The historic landslide of Sottrù, located in the Badia Valley (Autonomous Province of Bolzano), was reactivated on 13 December 2012 after a long period of dormancy. According to historic documents, the previous activation dates back to June 1821. At that time, the slope was mobilised after a period of persistent rain and snow melt causing the damming of the Gadera stream. After snowmelting, in June 1827 the natural dam collapsed flooding meadows and villages down valley. In December 2012, the landslide was partly reactivated, showing the first slow movements on the 13th and more rapid displacements on the 14th. A detailed geomorphological survey of the landslide was carried out during summer 2014. A surficial highly permeable level (in-situ or reworked till) has been found laying on top of a thick sequence of clays, shales and marls, both over the landslide body and the surrounding areas. From the landslide scar uphill, the hydrographic pattern is extremely irregular, made of discontinuous drainage lines indicative of higher infiltration rate than superficial run off. The comparison between the current morphology and the pre-2012 one has not evidenced any movement within the historic source area, while relevant displacements occurred at two lateral zones whose dynamics caused the partial collapse of the central part of the landslide, originating a second, lower crown. Since the previous activation (1821), the landslide has been dormant for quite a long period, i.e. 191 years, and its last activation occurred during a season where landslides are usually not frequent. Temperature and precipitation time series, recorded at the nearby meteorological station of La Villa, have been analysed for the last 27 years. It has been found out that November 2014 had many rainy days, three of which with precipitation amounts ranging from 30 to 50 mm. The rainiest day (November 29) was suddenly followed by a dramatic drop below 0°C of maximum and minimum air temperatures, lasting until the 13th of December i.e., the landslide activation day. This probably caused the freezing of the soil which at that time was snow free and completely saturated. Moreover, it is possible that the 13-day period below 0°C enabled also the freezing of a spring located in the lower part of the slope nearby the village of Sottrù thus blocking groundwater drainage, leading to the onset of a confined-aquifer condition and, ultimately, to the rapid increase of pore water pressure inside the clay-rich landslide material. This hypothesis has been made also in consideration of similar events occurred in the Dolomites (e.g., in Zoldo Valley in 1991). However, in order to confirm this hypothesis, geophysical and geotechnical analysis would be needed.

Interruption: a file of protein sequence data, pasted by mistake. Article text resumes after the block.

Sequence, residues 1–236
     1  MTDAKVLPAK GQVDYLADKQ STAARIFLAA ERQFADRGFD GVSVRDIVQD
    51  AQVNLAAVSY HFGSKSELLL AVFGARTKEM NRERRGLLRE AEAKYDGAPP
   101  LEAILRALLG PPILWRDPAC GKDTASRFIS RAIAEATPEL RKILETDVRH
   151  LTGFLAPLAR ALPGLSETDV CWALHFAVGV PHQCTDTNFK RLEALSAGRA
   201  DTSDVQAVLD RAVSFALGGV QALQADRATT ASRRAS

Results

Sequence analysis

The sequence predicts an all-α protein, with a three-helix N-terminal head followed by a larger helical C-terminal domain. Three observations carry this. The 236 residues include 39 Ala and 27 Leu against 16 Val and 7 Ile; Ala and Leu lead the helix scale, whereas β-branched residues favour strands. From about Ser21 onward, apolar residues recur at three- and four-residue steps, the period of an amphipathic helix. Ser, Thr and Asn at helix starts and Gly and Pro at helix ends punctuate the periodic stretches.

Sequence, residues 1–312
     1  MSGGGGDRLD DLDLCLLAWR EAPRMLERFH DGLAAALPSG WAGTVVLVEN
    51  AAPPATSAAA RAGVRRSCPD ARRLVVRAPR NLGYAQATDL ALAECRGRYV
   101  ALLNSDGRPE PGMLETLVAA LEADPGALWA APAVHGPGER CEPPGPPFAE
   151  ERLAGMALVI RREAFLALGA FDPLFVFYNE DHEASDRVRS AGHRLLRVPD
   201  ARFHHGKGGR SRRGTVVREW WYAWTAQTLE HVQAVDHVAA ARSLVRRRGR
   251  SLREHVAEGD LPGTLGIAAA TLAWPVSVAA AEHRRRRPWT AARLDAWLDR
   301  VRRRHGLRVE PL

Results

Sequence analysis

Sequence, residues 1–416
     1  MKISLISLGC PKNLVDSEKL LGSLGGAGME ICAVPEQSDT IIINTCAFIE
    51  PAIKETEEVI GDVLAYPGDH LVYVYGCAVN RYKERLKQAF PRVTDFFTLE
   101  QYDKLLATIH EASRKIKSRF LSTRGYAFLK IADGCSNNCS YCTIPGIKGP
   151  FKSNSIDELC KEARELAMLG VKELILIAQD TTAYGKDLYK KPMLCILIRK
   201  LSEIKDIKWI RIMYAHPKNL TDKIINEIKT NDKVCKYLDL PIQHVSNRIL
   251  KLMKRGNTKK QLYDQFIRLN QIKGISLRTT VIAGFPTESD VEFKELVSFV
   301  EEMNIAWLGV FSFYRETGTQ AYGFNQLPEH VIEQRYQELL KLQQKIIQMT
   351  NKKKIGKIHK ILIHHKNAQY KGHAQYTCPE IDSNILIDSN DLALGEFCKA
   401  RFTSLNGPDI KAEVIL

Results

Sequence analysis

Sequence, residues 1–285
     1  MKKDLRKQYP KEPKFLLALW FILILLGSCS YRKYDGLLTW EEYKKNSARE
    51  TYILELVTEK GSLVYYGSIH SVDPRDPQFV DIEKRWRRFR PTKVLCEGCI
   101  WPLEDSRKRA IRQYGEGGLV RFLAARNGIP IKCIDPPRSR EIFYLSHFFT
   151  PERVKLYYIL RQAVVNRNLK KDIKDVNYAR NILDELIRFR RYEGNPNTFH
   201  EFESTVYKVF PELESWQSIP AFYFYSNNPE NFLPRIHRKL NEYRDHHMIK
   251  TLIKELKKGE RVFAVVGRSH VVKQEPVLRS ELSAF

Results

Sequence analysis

|Data di pubblicazione:||2014|
|Titolo:||Geomorphological analysis of the historic landslide of Sottrù (Badia Valley, Italy) reactivated on December 13, 2012|
|Autori:||Ghinoi, Alessandro; Freddi, Raffaele; Pasuto, Alessandro; Soldati, Mauro|
|Data del convegno:||18-19 novembre 2014|
|Nome del convegno:||International Conference "Analysis and Management of Changing Risks for Natural Hazards"|
|Luogo del convegno:||Padova|
|Titolo del libro:||Proceedings of International Conference "Analysis and Management of Changing Risks for Natural Hazards"|
|Appare nelle tipologie:||Relazione in Atti di Convegno|
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